Peter Zimmermann (born 1956) borrows the techniques of old masters such as Cranach and Dürer to create superimposed layers of paint that yield a subtly translucent effect. Instead of working in oils, Zimmermann applies an epoxy resin into which acrylic pigments are randomly inserted. Lacing Action painting and Color Field painting with a postmodern twist, Zimmermann’s abstract motifs seem to spring from more figurative representations: he uses computer graphics and ‘dithering’ (a technique that displays images without firm edges so as to give a more colorful appearance) to deform images, texts and signs from his own massive archive of images, evoking the atlases of Gerhard Richter and Aby Warburg. With different algorithms, he renders his source images unrecognizable, abstract. This publication celebrates Zimmermann’s tactile paintings, which possess a luminosity and unique internal sensuality, directly issuing from his complex and innovative technique.
Those who follow German contemporary painting are tracking, most often, the evolution of the Leipzig School and Dresden Pop. Among the essential, independent talents who fall into neither category is Cologne-based artist painter Peter Zimmermann, born in 1956. Zimmermann has been working since the late 1980s on paintings that question contemporary visuality. His work, no matter how conceptual in its subject matter, is full of seductive sensuality. The Book Cover Paintings transcribe art books onto the canvas, reflecting their own art historical roots. The flowing forms of his Blob Paintings parse new media, distorting photographs on the computer and transferring them to canvas. Zimmermann's work has been the subject of solo shows in Los Angeles, Miami, New York, Paris, Berlin, and London, and is in the collection of The Museum of Modern Art. In March 2007, it was exhibited at The Happy Lion Gallery, Los Angeles.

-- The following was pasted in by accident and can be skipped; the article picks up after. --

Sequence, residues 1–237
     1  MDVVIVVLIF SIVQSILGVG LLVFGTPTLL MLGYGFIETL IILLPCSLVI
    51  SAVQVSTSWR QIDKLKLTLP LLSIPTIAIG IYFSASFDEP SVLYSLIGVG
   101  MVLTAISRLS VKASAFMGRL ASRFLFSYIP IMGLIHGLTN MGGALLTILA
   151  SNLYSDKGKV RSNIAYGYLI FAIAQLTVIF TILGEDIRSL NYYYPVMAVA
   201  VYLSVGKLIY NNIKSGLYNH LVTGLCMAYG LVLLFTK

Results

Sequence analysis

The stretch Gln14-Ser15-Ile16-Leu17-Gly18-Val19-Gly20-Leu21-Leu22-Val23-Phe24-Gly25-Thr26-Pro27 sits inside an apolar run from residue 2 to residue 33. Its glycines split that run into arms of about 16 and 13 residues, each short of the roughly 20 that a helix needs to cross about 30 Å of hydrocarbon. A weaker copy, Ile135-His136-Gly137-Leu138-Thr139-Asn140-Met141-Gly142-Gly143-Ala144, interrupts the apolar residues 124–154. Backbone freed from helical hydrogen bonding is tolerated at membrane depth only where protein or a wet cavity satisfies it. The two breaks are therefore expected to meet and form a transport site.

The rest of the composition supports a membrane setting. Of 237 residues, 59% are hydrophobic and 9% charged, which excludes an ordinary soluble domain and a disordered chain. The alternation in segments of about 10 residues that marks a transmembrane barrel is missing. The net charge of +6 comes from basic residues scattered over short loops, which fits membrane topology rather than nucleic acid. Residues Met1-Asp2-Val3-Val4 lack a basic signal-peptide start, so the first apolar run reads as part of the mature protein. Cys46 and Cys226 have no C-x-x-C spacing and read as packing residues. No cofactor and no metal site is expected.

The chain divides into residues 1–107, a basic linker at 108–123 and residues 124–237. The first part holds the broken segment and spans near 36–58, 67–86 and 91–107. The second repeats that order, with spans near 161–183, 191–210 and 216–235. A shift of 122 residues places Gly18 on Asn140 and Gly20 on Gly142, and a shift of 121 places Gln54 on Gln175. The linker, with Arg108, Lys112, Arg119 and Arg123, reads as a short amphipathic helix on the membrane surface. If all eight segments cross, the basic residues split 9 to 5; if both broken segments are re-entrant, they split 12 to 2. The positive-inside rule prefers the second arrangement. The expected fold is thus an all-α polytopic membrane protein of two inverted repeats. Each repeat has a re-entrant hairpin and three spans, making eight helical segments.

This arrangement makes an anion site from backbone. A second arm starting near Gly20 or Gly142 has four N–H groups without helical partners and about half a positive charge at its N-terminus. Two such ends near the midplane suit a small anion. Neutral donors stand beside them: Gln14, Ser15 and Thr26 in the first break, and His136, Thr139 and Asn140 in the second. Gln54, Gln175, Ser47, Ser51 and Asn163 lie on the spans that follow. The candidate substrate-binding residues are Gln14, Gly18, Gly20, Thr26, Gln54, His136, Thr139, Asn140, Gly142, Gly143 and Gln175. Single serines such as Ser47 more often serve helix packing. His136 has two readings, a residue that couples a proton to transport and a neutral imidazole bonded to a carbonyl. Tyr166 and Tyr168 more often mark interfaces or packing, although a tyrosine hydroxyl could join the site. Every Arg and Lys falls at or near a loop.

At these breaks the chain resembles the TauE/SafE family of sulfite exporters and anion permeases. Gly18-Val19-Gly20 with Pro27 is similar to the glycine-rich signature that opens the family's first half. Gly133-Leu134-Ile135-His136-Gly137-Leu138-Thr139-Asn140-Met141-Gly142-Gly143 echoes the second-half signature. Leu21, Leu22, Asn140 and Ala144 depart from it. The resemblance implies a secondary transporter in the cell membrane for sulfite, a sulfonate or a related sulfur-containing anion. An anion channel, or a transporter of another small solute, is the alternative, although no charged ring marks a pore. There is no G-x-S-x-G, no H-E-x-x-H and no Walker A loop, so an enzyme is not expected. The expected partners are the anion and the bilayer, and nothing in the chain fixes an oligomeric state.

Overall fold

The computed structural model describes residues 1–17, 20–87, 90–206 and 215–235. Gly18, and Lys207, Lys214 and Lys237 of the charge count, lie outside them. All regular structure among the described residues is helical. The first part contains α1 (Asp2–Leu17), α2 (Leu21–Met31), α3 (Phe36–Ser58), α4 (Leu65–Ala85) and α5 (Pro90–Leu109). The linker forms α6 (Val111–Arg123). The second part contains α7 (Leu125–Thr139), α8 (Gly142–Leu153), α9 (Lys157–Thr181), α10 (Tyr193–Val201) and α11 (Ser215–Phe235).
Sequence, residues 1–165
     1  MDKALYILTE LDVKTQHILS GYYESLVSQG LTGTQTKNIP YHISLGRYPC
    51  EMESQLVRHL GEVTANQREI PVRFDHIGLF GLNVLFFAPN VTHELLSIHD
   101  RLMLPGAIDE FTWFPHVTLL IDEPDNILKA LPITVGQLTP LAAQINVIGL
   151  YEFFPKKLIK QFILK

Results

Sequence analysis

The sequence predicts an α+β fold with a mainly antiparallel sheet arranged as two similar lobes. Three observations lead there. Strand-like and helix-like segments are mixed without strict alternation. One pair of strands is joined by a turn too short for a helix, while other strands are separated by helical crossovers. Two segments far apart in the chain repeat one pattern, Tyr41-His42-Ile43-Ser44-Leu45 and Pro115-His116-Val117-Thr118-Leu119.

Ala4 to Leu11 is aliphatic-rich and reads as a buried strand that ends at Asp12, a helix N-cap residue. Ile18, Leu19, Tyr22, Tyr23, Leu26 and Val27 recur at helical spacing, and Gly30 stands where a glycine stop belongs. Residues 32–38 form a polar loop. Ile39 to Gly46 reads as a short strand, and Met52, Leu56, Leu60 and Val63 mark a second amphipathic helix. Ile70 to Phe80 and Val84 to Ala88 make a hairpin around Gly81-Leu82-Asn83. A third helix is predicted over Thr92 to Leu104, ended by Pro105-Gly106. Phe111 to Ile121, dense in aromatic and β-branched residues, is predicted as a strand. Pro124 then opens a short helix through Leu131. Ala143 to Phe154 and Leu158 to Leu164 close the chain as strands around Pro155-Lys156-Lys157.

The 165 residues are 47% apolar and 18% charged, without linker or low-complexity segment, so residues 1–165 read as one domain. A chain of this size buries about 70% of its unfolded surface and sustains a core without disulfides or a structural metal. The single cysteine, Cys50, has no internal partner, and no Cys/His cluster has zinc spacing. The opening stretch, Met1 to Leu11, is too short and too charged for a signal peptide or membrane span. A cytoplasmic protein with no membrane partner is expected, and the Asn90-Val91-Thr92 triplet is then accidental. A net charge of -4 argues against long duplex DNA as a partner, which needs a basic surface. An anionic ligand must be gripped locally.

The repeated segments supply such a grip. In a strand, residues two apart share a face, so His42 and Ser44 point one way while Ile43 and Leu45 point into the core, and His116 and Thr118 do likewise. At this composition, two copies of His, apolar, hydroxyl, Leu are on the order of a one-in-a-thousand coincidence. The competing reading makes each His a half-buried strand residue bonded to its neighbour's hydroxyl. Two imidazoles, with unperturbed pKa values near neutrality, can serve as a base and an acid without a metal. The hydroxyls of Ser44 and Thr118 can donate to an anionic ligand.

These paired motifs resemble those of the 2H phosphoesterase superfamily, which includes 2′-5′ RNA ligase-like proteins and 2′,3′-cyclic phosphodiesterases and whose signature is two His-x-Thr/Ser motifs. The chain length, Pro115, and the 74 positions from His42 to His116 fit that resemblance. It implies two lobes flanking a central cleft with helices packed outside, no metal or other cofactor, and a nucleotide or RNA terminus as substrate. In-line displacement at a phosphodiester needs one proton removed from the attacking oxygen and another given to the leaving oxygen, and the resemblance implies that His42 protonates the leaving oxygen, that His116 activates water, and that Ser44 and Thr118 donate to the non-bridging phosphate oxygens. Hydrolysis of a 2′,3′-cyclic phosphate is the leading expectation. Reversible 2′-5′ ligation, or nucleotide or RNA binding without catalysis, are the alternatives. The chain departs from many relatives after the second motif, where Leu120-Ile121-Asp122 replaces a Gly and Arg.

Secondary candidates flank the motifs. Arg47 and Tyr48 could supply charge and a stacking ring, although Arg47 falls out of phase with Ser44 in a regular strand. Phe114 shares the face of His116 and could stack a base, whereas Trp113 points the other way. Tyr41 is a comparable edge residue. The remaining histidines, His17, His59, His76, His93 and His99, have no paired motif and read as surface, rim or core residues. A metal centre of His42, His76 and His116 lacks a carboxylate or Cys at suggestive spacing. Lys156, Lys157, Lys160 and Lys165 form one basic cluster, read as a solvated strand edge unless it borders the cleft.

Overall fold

Published by Walther König, Köln. Edited by Axel Heil, Wolfgang Schoppmann. Text by Magrit Brehm.
This overview of Peter Zimmermann's new works also documents their complex image genesis--beginning as digital files and ending in cast synthetic resin. Hundreds of four-color images, three paper changes and an insightful text tell the story.